In Bangladesh, at the moment there is a lot of heated debate about a war that made it an independent country from Pakistan – after the British Raj granted India independence, a partition followed, that joined Pakistan with Bangladesh. It was difficult for the Raj at that time, to govern a state that was known to give the Hindu majority privileges that were not open to Muslims. Although, it had tried to rule the state and improve the lives of Muslims in the region the thought was difficult to realize at that time because of barbarity and constant protests against British rule. The picture in the region today is very different: India and Bangladesh both have to grapple with a flawed democracy and numerous regional troubles, such as too much diversity, with their unique point of views and a land that needs to be concerned about its historic past (perhaps a lot more than it’s amicable neighbour) and it’s position as a somewhat liberal Muslim state in the region.
I believe it is not correct to get carried away with passion in politics: when you talk about Pakistan’s role in the war you must think that it is also a border country that Bangladesh should aim to have positive ties with. The general idea of the day seems to suggest that homegrown terrorism has marred the global reputation of both Sri Lanka and Pakistan, and subsequently altered the perspectives about it for all of its neighbours because of how foreign policy governs politics around the world. Add to that the notion that the country Pakistan was responsible for the war, instead of a certain section of people from Pakistan, some of who, if rumours are to be believed found “glory” in Pakistan after losing Bangladesh’s Liberation War (1971) only seems to steam up diplomacy in the region.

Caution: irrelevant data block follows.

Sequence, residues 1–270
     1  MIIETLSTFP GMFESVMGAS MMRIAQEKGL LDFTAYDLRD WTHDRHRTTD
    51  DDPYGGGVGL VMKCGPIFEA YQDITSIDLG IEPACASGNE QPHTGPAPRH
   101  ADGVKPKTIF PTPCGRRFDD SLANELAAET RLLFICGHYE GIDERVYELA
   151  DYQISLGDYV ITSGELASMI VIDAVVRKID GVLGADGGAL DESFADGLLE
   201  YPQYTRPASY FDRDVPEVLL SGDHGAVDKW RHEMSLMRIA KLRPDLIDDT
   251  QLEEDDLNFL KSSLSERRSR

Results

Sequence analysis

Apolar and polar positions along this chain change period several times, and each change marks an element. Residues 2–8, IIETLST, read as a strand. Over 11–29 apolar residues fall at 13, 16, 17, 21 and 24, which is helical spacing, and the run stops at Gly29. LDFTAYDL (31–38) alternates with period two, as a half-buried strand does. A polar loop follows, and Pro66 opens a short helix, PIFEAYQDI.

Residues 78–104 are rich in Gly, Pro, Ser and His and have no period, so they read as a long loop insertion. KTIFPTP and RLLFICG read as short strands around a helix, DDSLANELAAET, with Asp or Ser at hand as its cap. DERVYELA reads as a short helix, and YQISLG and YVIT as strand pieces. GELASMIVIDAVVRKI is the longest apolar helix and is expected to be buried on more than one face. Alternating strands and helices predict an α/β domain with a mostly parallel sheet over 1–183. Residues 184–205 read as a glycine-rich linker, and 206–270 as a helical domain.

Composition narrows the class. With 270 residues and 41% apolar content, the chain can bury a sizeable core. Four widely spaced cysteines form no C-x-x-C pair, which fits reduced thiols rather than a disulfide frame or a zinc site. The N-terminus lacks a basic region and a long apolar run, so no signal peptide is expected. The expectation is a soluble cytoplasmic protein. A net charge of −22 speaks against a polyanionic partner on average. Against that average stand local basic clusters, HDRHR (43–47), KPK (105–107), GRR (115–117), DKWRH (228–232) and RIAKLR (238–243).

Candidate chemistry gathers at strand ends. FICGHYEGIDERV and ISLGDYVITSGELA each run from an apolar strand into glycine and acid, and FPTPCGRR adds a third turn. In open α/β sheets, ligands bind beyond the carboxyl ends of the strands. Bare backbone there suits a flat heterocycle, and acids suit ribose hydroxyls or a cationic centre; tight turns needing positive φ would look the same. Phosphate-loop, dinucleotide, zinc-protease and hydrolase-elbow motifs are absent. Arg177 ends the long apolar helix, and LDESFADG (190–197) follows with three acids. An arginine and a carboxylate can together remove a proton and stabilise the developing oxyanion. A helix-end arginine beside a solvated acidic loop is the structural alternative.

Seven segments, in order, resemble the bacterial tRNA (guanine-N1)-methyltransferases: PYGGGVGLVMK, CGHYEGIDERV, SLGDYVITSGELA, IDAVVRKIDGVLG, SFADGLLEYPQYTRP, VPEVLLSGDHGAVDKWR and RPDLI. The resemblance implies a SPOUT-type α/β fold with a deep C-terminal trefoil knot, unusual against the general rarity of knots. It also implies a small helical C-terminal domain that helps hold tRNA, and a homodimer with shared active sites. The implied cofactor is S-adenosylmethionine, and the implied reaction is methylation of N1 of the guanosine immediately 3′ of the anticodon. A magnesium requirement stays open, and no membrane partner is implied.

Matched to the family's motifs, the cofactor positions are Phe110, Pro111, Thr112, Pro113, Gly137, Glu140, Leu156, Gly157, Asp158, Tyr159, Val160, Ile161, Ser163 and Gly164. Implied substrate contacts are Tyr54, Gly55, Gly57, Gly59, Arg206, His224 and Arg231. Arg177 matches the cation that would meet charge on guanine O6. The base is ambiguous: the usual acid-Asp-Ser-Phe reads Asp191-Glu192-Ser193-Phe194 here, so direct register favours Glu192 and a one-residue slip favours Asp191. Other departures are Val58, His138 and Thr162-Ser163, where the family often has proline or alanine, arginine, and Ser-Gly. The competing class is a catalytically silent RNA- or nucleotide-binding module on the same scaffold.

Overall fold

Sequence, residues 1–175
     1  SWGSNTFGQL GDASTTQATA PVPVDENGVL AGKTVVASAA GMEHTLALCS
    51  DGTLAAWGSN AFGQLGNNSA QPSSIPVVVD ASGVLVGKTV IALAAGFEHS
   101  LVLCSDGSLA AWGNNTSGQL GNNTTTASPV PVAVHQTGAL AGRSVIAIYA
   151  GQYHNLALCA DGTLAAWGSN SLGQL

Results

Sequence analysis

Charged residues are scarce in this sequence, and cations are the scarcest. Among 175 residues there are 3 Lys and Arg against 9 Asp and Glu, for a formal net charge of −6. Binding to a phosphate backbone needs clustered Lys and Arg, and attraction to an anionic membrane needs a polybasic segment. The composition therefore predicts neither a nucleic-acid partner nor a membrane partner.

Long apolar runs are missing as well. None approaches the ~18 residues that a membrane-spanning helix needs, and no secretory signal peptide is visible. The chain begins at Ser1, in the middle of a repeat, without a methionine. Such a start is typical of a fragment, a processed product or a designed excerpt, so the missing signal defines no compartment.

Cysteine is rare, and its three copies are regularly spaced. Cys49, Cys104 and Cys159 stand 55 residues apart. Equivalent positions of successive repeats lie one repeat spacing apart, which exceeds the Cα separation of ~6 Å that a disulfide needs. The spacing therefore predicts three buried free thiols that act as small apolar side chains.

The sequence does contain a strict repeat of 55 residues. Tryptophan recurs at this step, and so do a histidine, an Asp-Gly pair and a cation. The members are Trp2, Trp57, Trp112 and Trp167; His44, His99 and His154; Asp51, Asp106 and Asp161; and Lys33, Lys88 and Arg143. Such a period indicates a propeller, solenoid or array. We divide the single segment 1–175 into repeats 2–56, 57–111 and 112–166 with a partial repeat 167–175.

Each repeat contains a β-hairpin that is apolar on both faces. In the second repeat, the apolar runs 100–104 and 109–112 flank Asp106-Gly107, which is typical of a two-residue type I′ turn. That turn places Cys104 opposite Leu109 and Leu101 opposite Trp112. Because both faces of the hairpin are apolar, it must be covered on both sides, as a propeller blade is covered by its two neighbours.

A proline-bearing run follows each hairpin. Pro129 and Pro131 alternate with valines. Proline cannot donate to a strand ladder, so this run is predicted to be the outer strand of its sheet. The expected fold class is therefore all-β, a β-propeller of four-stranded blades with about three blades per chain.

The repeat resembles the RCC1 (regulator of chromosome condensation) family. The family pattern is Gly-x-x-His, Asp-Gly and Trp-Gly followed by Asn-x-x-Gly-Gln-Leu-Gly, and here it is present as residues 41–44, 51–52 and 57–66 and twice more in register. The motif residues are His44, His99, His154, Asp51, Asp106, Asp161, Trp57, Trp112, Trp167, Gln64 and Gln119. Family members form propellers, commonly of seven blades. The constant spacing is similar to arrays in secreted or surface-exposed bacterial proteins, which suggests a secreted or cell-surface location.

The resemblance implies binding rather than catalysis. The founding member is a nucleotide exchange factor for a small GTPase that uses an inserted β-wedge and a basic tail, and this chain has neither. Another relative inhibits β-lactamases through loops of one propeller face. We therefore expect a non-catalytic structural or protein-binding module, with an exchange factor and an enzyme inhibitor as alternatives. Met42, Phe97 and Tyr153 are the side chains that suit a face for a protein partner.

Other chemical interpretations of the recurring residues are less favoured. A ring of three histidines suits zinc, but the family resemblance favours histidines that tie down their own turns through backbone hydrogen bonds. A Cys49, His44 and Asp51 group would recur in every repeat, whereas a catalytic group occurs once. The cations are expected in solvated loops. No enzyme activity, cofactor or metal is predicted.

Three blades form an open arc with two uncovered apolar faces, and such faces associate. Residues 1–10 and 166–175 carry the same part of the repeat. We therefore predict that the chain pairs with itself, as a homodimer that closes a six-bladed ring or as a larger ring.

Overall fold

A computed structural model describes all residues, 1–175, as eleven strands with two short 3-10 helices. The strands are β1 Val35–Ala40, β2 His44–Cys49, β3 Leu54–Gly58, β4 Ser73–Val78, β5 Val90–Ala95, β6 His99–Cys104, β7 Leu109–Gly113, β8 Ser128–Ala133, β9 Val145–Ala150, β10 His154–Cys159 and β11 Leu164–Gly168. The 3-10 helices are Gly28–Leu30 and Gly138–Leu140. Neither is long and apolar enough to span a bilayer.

There is no denying that politics in the region is complicated because when a questionable party comes to power in the region (sans India and Bangladesh) they are known to distort not only their national history and cultural beliefs, with total disregard, they also try to erase out history of the War. In that respect, it’s very easy to get carried away because so many do love to do that in politics but is that correct diplomacy? Its doubtful. I think India speaks as less as possible about its own independence from the British Raj which puts into focus questions about its diplomatic national agenda but for Bangladesh the real focus should be on how the state actually wants to define its history in its entirety – throw in diplomacy too, both for it and India.